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"I may not be the best bass player in U2, but I am the bass player." — Adam

I'm at the cutting Edge of fight to beat cancer

Brush with disease changed U2 star's life
Daily Mail
You'd expect him to know all about guitars, amps, tours and everything about being a rock star.

But as U2 launch their 12th album, No Line on the Horizon, guitarist Edge has revealed a new string to his bow -- he's at the forefront of the battle to end the hell of cancer.

And the Edge, real name David Evans, has said that "a brush with cancer" in his own family -- he refused to elaborate -- led him to join the fight against the disease.

In a candid interview, The Edge has opened up about his involvement with the Angiogenesis Foundation, an organisation using new scientific techniques to treat cancer, blinding diseases, wounds, and other serious illnesses.

The rock legend, whose father is a scientist, has served on the Angiogenesis Foundation's board of directors since 2007.

Speaking about the foundation's work he said: "Angiogenesis is a study of a process which is common to over 40 human diseases, which is the development of new blood vessels.

"It was discovered in the late 1970s that cancer tumours will actually give out growth factors that will trigger blood supply to be grown to feed them. How sinister is that? It's one of the reasons why those mutated cells are dangerous to us; that's how they become a tumour.

"So this is about studying how to stop that process when it's causing you problems. Or how to trigger it when the opposite is happening, when you have a wound that won't heal.

"I discovered this as a result of my own family's brush with cancer a couple of years ago.

"I could go on for hours about this. But what I wanna try to do is what I can to get the word out." And in an insight of the pressure of touring on family life, The Edge revealed how, in autumn 2006, he wanted to stay home with his daughter while she battled a serious illness. The star said he initially wanted to stop working, cancel the mammoth Vertigo world tour, and sit with her at home. But his daughter told him it would be "weird" having him around the house,telling him: "Go for it."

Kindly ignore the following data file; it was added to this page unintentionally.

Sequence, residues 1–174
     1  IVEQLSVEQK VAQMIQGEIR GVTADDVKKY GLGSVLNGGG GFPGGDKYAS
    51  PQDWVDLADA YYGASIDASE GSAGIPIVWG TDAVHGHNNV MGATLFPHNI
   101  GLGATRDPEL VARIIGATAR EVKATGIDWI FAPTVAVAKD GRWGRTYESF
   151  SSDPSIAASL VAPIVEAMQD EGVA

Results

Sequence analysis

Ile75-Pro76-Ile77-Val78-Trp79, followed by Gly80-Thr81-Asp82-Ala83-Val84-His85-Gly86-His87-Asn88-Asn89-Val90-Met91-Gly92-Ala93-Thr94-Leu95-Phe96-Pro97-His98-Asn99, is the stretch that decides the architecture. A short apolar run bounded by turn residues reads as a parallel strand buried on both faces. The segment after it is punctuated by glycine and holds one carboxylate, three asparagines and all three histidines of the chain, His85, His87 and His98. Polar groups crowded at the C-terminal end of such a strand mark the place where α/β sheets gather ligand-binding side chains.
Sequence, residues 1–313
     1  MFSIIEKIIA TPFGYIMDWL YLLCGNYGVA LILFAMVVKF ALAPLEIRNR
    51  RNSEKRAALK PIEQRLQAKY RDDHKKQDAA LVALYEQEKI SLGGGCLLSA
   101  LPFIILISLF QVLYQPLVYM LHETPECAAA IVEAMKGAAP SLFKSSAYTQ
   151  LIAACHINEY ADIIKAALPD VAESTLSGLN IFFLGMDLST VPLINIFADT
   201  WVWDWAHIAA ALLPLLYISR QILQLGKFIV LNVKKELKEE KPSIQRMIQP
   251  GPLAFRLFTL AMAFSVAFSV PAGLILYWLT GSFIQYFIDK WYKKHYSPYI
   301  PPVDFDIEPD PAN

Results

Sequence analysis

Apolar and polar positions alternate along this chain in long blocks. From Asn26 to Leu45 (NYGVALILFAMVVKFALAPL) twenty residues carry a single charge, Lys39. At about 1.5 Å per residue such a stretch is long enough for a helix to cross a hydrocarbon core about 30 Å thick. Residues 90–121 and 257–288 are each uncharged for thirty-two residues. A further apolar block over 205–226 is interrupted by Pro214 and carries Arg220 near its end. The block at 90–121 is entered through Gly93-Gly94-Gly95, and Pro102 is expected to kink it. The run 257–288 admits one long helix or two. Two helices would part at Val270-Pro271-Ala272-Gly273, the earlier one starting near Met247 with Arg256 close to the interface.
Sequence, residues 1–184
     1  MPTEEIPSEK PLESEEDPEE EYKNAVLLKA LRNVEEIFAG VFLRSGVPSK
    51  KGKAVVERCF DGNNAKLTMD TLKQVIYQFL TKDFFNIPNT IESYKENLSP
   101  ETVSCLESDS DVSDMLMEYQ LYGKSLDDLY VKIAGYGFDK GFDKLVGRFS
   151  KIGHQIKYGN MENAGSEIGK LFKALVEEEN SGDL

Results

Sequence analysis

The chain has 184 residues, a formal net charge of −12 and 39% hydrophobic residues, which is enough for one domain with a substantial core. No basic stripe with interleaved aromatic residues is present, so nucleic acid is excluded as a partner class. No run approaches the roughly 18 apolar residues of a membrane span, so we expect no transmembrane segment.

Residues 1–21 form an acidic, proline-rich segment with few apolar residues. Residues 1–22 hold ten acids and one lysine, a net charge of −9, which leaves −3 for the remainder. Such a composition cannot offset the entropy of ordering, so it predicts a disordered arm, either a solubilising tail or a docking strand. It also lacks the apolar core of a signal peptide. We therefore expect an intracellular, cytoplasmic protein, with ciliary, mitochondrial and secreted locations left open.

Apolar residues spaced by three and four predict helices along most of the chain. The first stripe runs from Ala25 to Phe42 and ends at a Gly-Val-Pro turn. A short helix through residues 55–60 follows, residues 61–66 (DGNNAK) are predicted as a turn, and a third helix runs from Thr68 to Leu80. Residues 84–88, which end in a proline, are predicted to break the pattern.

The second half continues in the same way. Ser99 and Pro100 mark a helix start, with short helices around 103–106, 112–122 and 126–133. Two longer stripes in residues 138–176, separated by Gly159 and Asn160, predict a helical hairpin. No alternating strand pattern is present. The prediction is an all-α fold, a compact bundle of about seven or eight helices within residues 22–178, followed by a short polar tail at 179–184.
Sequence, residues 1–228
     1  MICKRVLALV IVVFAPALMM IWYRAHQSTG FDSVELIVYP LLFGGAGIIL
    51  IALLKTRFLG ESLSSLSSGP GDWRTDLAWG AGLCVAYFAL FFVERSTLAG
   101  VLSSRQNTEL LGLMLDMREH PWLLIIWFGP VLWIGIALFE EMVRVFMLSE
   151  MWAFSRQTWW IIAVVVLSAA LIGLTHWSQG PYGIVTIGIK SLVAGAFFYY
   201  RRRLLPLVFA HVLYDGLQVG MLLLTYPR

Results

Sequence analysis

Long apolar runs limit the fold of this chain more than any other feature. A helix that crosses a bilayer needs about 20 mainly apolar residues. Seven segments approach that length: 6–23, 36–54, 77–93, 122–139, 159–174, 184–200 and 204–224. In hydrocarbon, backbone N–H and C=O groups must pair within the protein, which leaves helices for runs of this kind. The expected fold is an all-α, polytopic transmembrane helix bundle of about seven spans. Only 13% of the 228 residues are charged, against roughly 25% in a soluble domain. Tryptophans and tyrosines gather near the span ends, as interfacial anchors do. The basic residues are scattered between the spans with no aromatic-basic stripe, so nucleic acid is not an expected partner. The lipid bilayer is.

The Edge said then: "It was a difficult decision and it was not taken lightly, and really it boiled down to everybody in my own family feeling that we as a family could take it on, and that it could work for us.

"That was one of the turning points for me, her reaction, which was go for it, a kind of an unexpected reaction, and I was kind of blown away, as you might imagine." The band did insist, however, on postponing the last leg of the tour taking in Australia, New Zealand, Japan and Hawaii.

Asked then how his daughter was coping, he replied: "She's doing well, she's doing very well, no cause for concern at the moment and we are just keeping our fingers crossed that continues." The Edge has five children, including daughters, Hollie, Arran and Blue Angel from his first marriage to childhood sweetheart Aislinn O'Sullivan.

His daughter, Sian, and son, Levi, were born before his second marriage in 2002 to bellydancer and choreographer Morleigh Steinberg.

Although all the band members have long been individual supporters of organisations such as Greenpeace and Amnesty International, it wasn't until 2005 that he became involved in public philanthropy.

In response to the Hurricane Katrina disaster which devastated New Orleans, The Edge co-founded the charity, Music Rising, in 2005 along with Bob Ezrin and Henry Juszkiewicz.

Since then, he has also publicly supported the New York Food Bank and Mencap Northern Ireland.

© Daily Mail, 2009.